Sen. Angus King says Andrew McCabe firing seems like act of "vengeance"

Sen. King on if Mueller were fired

Sen. Angus King, I-Maine, says that former FBI deputy director Andrew McCabe's firing late Friday appears to be an act of revenge by President Trump.

"The whole thing appears -- at least at this point, we're going to find out more in the coming weeks -- but it appears to have been compressed in order to take vengeance on this guy for some reason," said King on Sunday. "I don't think that's the way we should be governing. So we have to find out the facts of what he did and if he did then some punishment was necessary."

Attorney General Jeff Sessions fired McCabe on the recommendation of FBI officials following an internal inspector general's (IG) report into the FBI's actions in the run-up to the 2016 election. McCabe has called his dismissal a part of what he said was a "war" on the FBI.

King said the issue of McCabe's termination, which took place just two days before what would be his retirement after 21 years at the bureau, is a major issue in his departure. He called the "rush" to terminate McCabe just before he became eligible to receive his pension struck him as "mean-spirited."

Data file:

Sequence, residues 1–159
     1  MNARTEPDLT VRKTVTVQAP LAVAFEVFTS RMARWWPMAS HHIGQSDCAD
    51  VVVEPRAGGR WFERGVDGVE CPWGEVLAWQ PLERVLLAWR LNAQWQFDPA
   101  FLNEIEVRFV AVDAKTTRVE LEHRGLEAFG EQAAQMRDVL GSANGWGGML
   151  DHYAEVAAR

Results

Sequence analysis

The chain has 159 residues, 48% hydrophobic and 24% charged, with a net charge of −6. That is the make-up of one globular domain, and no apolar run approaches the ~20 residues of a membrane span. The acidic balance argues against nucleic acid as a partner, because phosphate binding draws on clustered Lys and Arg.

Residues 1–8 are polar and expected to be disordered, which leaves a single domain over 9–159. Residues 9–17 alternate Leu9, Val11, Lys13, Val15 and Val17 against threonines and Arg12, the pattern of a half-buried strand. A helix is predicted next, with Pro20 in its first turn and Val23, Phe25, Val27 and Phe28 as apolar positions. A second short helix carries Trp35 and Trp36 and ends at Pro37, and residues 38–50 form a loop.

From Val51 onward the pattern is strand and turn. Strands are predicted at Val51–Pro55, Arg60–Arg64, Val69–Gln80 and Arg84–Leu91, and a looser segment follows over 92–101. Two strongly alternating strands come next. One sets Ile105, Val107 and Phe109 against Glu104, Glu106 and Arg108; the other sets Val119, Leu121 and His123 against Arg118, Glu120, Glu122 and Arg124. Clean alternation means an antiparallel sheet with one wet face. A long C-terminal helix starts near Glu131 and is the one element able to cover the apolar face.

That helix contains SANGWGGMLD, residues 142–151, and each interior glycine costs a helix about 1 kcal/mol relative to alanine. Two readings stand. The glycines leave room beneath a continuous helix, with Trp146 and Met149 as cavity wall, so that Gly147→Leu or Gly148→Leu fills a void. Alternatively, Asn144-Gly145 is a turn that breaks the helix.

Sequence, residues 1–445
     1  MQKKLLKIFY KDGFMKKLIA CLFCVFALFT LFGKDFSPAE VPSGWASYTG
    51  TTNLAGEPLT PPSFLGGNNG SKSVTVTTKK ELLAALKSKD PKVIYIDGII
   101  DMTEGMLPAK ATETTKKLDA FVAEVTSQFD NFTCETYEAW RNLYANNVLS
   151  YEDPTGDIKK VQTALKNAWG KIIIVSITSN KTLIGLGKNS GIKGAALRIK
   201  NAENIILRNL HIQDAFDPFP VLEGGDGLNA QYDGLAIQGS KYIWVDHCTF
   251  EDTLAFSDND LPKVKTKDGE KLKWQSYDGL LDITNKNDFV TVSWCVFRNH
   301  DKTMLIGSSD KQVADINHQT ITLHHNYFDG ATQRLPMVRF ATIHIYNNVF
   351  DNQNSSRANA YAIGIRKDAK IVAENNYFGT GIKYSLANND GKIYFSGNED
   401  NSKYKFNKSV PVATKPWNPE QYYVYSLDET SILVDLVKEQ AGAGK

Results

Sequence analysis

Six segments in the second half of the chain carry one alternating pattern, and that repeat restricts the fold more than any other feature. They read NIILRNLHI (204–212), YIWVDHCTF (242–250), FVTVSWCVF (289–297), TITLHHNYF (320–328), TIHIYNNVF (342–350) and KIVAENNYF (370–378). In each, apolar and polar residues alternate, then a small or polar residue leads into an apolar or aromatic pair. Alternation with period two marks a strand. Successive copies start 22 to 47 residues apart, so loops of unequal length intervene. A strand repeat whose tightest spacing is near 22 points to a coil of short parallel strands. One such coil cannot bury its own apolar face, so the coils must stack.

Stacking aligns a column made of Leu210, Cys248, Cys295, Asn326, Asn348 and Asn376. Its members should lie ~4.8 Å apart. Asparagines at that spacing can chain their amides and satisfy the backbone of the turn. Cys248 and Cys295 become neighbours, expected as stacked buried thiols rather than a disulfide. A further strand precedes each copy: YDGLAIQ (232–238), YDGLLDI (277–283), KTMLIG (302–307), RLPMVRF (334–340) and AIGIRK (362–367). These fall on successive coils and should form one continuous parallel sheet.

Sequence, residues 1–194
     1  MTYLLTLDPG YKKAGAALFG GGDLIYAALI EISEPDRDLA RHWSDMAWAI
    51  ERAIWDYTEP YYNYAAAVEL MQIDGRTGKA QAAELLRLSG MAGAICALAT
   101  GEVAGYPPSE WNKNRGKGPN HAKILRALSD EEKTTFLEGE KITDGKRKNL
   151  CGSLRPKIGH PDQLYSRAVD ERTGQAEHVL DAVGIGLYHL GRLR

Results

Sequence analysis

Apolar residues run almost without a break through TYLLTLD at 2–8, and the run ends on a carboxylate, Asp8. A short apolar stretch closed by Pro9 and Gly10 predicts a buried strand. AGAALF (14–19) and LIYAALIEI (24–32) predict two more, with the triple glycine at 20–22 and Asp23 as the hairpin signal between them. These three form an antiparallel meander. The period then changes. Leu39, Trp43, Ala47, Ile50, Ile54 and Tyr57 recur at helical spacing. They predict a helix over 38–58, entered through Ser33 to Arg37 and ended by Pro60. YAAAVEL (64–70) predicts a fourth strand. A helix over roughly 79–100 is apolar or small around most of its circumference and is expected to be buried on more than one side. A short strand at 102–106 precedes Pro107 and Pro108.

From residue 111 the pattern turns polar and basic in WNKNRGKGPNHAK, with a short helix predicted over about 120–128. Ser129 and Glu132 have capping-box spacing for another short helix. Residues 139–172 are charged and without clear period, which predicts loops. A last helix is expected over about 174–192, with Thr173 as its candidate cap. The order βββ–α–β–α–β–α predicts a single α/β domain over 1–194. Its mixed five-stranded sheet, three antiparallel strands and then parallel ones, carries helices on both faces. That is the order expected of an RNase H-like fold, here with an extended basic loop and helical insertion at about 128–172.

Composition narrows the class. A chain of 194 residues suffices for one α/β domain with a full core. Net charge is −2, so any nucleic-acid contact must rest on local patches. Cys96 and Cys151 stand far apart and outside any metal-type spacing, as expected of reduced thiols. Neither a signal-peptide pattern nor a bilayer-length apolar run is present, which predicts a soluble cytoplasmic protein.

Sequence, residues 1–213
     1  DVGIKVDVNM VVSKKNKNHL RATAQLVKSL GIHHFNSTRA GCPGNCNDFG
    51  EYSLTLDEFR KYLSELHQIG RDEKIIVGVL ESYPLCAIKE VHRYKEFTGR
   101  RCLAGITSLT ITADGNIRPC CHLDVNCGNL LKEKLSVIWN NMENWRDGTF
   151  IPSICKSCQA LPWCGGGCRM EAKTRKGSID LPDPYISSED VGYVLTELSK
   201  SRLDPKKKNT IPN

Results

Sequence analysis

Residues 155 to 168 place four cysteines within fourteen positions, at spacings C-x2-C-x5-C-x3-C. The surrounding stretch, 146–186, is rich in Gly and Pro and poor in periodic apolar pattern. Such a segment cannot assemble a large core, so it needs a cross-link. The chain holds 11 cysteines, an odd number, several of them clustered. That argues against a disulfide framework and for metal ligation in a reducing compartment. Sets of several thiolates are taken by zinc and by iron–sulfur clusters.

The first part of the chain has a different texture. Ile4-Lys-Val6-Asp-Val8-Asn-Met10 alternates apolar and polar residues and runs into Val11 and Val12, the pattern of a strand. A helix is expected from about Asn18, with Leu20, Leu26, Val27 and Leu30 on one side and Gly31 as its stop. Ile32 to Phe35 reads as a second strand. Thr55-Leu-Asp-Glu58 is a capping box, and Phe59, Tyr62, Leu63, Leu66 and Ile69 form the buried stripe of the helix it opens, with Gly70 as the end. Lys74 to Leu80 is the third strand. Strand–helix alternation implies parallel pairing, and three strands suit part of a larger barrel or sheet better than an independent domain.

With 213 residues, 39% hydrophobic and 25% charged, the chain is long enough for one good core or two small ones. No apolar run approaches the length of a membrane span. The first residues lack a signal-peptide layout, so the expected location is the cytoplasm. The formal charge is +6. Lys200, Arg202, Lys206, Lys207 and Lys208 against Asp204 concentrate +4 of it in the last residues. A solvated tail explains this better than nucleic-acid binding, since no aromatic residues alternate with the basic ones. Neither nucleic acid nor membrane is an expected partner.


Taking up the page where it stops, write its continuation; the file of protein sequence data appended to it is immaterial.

"It was clearly rushed and I think there are questions about that and whether the administration was putting pressure on the Justice Department to take this action," King said.

A report by the IG found evidence that McCabe had questionable contacts with a reporter and was not fully forthcoming when asked about it about an investigation concerning the Clinton Foundation. Those familiar with McCabe's side of the story say he was authorized to talk to reporters. 

"We've got to see that inspector general's report. I don't want to go on press reports of pieces of it. A long time ago, I learned there are two sides to every story and I want to see what the inspector general says. I want to see what Andrew McCabe has in the way of a response," said King.

King also said that it would be a "huge mistake" for Mr. Trump to fire special counsel Robert Mueller, whom he described as being "as straight an arrow as there is in America."

"He's just doing his job. And for the administration to keep trying to undercut what they're trying to do -- the president keeps saying there's no story here, they didn't do anything wrong. If they didn't do anything wrong, why are they going to such extreme lengths to undermine this investigation, which is being carried out in a very responsible way?" King questioned. 

If Mr. Trump attempts to terminate Mueller prematurely from the investigation, King said, "it will be a true constitutional crisis."

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    Emily Tillett is the digital producer at "Face the Nation"